Mind the Gap

Mind the gap” is an audible or visual warning phrase issued to rail passengers to take caution while crossing the horizontal, and in some cases vertical, spatial gap between the train door and the station platform. – Wikipedia

The phrase Mind the Gap was coined in 1968 England when it became impractical for train drivers and station attendants to continue to warn riders to be careful when entering and leaving the train.  Over time many countries around the world adopted this or similar language to keep their passengers safe. 

In today’s frenetically paced world this quick pause is almost like a switch to slow motion for one moment in our busy lives.  The moment the door slides open our foot leaves the train floor and we can imagine it suspended in space briefly as we step over the gap and find purchase on the platform. 

If only it were that easy in “real life” to get from point A to point B when experiencing change. What if when a long term relationship ends, we step over the gap avoiding injury and arrive unchanged on the other side?  Do we end up where we need to be, or have we missed an opportunity for being present for ourselves with difficult emotions, for growth, for understanding of what we need to avoid in future relationships?

If we apply the idea of mind the gap to life transitions we face a different sort of challenge. We really become suspended in time while life rushes by around us.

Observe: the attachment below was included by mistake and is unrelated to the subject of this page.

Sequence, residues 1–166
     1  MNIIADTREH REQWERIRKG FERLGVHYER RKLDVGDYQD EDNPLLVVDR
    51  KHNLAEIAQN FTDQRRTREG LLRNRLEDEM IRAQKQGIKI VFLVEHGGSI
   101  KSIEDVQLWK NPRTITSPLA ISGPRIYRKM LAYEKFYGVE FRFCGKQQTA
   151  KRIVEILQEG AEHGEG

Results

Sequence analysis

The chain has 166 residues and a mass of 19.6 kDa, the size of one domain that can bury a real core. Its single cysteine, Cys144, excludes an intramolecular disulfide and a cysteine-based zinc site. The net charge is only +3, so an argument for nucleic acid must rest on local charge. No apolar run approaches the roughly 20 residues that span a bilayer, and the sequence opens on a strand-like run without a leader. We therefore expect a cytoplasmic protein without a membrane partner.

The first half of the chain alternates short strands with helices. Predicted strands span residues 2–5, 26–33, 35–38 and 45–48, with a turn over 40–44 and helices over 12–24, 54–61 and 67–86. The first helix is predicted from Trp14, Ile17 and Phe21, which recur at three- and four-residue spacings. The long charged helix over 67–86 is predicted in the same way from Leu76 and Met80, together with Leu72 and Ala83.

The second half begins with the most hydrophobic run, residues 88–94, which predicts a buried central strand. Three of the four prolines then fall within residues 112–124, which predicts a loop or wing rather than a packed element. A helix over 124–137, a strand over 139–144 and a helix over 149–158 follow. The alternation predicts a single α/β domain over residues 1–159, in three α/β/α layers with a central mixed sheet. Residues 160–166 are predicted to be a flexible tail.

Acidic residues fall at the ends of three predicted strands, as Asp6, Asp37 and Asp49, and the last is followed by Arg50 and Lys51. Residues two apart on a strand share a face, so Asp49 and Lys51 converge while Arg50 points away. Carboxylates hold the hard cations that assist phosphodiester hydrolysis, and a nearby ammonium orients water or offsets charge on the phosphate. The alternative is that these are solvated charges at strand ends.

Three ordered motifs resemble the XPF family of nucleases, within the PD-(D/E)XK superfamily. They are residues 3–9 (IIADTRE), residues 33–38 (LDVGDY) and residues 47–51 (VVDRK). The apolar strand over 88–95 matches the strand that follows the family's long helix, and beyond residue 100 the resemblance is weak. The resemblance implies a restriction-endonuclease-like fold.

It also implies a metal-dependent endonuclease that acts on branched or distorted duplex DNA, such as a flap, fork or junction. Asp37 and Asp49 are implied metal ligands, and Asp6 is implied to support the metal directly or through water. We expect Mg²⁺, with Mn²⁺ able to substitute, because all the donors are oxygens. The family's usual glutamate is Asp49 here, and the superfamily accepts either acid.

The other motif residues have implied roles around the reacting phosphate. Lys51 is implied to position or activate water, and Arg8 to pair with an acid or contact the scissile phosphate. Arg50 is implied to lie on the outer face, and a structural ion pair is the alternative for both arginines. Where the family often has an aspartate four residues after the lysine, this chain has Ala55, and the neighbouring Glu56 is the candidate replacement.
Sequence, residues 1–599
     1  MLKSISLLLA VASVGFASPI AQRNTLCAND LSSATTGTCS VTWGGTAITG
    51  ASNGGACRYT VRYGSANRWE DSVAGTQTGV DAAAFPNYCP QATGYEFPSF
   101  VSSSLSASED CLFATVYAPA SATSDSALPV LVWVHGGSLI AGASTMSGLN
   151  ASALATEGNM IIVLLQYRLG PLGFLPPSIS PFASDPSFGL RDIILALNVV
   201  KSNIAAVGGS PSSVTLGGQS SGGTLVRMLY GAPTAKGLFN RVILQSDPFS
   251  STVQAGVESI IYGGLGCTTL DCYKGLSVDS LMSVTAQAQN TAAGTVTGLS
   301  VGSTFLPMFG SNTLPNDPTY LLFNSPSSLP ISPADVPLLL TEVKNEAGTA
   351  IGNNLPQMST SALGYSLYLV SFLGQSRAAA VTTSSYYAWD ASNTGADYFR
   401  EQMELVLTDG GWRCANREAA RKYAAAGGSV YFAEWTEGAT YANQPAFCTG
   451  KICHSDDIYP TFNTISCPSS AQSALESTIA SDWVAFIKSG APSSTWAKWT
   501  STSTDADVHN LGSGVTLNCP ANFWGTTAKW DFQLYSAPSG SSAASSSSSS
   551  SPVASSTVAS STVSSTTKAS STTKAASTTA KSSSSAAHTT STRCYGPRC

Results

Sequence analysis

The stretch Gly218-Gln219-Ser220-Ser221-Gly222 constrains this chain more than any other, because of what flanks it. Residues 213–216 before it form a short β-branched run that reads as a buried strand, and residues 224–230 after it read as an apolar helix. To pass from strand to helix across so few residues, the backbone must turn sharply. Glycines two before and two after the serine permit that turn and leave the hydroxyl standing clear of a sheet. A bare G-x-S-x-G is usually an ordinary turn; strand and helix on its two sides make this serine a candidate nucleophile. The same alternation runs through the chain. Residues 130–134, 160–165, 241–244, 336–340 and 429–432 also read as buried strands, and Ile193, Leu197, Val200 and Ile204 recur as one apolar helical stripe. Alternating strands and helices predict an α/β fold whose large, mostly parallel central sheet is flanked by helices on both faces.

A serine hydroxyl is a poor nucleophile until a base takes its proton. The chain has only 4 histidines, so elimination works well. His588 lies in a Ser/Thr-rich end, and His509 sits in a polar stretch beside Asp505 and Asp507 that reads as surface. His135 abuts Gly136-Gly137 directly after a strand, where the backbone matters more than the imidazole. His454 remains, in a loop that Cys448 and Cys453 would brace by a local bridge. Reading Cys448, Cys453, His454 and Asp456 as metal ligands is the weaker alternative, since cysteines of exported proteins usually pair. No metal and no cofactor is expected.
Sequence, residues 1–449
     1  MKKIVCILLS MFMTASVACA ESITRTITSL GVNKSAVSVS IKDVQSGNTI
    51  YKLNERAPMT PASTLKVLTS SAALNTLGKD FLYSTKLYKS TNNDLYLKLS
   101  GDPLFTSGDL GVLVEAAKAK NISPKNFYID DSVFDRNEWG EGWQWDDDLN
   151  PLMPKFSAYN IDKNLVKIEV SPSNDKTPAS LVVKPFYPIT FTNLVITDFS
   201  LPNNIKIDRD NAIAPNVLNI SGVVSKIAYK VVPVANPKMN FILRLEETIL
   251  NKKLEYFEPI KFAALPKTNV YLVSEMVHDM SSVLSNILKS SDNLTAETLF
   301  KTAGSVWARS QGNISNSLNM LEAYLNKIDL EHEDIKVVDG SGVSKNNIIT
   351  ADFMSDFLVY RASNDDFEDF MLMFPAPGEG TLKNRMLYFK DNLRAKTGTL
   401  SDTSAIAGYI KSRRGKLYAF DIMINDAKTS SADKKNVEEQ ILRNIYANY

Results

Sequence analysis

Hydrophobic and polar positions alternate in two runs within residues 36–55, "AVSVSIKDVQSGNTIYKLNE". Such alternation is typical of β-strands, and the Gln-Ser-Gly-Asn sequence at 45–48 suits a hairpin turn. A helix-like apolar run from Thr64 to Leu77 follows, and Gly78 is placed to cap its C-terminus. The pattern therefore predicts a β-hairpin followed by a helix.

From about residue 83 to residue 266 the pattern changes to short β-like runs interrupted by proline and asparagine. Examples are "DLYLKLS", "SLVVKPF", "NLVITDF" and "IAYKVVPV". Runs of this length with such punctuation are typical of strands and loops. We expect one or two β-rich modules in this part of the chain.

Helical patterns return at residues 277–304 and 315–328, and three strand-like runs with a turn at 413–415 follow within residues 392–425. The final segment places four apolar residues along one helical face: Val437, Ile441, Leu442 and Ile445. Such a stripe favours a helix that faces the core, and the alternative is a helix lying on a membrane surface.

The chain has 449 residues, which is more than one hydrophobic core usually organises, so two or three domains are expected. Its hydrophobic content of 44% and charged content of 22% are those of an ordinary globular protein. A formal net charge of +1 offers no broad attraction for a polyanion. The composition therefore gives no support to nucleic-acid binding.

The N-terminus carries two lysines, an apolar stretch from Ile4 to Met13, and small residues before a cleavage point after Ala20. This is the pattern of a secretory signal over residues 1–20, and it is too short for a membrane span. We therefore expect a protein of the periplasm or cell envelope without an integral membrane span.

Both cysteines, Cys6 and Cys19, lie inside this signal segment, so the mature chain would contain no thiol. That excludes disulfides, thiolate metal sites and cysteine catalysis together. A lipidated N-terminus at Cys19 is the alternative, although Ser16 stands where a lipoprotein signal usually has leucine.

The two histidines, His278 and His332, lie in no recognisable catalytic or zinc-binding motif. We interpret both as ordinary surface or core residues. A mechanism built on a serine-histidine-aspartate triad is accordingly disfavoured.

Time moves differently when we are in transition.  It can feel difficult to find our feet.  It is one of those things we can’t skip.  If we try we often feel like we are hitting a brick wall, or imaginary forcefield that pushes us right back to where we started. 

We have to do the work to pass over to the other side.  We can choose to exist in the discomfort for awhile, in order to emerge more clearly aligned with our values.  A truer version of self.

When we do the work the doors will open, the path illuminated before us.  If we fail to do the work in the middle we risk getting sidelined or pushed off onto the wrong track.

Leaning in to the messy middle of transition is the work of moving through life connected to ourselves and to the larger energy of the world/people around us. What a gift.

Traveling mercies on your journey.

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